Terre Haute Postcards - Wabash River (3)

Terre Haute Postcards - Wabash River (3)

More postcards from my collection...

Wabash River

On the Banks of the Beautiful Wabash River, Terre Haute, Indiana

This unused postcard has the printed text...

OA-H968 [1930]
Wabash Valley News Agency Inc., Terre Haute, Ind.
Genuine Curteich-Chicago "C.T. Art-Colortone" Post Card (Reg. U.S. Pat. Off.)

Wabash River, Terre Haute

Wabash River, Terre Haute, Indiana

This unused postcard has the printed text...

Wabash River
Terre Haute, Indiana
This view was taken from Fairbanks Park in
Terre Haute, Indiana. It is one of the many
beautiful scenes in this area of Indiana.

Photo by John V. Pontiere, Jr.

Estell Wholesale Co., 518 Arrowhead Dr., Seymour, Ind., 47274

The Wabash River is a 475 mile(765 km) long river in the eastern United States that flows southwest from northwest Ohio near St. Henry, Ohio across northern Indiana to Illinois where it forms the southern Illinois-Indiana border before draining into the Ohio River, of which it is the largest northern tributary.

When the Wisconsin Glacier melted 14,000 years ago, part of the meltwaters formed the proglacial Lake Maumee, the ancestor to Lake Erie. Eventually the meltwaters overtopped a glacial moraine located near Fort Wayne, Indiana, and catastrophically drained southwestward in the Maumee Torrent. The torrent carved the wide alluvial valley that the Wabash uses today.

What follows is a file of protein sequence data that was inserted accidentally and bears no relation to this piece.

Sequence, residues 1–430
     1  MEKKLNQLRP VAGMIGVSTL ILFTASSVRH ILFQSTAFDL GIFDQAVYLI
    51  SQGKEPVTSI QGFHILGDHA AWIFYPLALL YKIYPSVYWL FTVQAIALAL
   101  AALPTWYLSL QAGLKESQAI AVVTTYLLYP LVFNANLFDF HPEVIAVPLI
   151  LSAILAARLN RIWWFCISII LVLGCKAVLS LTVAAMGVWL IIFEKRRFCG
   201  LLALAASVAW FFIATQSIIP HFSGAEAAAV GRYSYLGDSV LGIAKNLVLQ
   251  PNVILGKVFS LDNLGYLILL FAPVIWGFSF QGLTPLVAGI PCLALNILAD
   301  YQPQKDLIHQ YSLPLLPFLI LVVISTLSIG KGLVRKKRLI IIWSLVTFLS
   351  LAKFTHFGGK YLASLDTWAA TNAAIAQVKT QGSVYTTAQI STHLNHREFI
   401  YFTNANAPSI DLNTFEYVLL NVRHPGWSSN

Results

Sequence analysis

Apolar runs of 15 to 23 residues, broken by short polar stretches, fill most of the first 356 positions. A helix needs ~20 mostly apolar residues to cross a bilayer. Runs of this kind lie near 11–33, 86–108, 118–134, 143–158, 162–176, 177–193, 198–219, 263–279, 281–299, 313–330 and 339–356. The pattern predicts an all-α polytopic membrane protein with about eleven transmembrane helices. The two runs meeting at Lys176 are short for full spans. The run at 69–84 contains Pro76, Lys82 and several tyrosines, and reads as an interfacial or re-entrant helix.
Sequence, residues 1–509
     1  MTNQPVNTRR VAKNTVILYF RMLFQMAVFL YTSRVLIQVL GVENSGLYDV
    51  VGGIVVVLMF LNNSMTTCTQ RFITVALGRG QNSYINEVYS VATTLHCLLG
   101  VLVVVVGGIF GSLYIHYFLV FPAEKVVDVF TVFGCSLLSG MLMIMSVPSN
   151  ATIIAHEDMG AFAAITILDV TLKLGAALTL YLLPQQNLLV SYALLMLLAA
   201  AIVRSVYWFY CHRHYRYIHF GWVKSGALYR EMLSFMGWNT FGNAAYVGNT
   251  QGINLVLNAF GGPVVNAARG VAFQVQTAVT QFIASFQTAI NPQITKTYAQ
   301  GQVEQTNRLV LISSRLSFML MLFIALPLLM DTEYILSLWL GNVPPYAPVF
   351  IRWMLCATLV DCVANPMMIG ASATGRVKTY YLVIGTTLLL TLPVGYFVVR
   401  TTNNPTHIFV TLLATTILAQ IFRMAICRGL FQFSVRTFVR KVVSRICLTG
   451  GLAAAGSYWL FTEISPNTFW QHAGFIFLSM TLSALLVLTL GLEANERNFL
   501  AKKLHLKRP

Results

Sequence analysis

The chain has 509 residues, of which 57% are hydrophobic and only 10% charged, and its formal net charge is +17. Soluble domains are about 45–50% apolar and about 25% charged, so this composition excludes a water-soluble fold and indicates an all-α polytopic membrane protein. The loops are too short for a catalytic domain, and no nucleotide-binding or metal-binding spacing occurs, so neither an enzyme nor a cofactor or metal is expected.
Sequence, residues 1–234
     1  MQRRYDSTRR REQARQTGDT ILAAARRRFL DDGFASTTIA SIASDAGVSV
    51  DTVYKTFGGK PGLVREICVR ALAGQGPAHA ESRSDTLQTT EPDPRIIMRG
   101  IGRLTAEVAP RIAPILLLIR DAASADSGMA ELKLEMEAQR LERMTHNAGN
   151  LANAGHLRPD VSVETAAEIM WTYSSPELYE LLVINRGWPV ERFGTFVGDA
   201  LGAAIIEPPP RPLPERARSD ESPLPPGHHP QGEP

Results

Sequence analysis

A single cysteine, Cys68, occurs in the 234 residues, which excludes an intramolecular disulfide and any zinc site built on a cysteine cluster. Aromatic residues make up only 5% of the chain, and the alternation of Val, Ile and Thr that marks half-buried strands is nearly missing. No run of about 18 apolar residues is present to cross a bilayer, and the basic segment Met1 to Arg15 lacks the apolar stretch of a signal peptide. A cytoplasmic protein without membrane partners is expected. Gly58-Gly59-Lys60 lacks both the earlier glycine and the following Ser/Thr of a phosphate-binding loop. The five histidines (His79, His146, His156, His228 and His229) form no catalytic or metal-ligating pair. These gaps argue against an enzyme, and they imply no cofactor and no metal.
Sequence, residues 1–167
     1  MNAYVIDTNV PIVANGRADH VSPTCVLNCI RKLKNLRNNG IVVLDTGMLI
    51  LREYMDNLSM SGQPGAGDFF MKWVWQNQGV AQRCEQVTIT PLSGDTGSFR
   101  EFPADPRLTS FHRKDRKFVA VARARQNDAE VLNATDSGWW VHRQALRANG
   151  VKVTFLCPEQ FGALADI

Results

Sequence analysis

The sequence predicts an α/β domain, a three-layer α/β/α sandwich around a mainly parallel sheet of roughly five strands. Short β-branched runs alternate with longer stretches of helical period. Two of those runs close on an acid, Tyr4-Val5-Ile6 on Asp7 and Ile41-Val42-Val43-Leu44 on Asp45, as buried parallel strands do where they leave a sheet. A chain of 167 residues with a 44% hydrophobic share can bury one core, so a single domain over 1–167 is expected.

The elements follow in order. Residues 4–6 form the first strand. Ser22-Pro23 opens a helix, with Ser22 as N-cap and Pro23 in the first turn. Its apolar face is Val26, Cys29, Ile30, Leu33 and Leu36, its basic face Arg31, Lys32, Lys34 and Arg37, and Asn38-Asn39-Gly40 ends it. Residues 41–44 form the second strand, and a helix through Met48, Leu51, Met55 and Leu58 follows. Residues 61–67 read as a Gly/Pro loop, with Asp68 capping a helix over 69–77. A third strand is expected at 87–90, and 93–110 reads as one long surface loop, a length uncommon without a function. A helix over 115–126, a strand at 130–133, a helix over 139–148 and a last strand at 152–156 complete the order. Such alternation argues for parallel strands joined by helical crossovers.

The name "Wabash" is an English spelling of the French name for the river, "Ouabache." French traders named the river after the Miami Indian word for the river, waapaahsiiki, meaning "it shines white". The Miami name reflected the clarity of the river in Huntington County, Indiana where the river bottom is limestone. This is a historical oddity since today the river bottom is no longer visible due to water pollution and agricultural siltation.

The Wabash was mapped and named by French explorers to the Mississippi, including the sections now known as the Ohio River. For 200 years, from the mid-1600s into the 1800s, the Wabash was a major trading route, linking Canada, Quebec and the Great Lakes to the Mississippi River.

On March 14, 1913, Paul Dresser's song, "On the Banks of the Wabash, Far Away" became the state song of Indiana.

This page created 3rd January 2010, last modified 3rd January 2010

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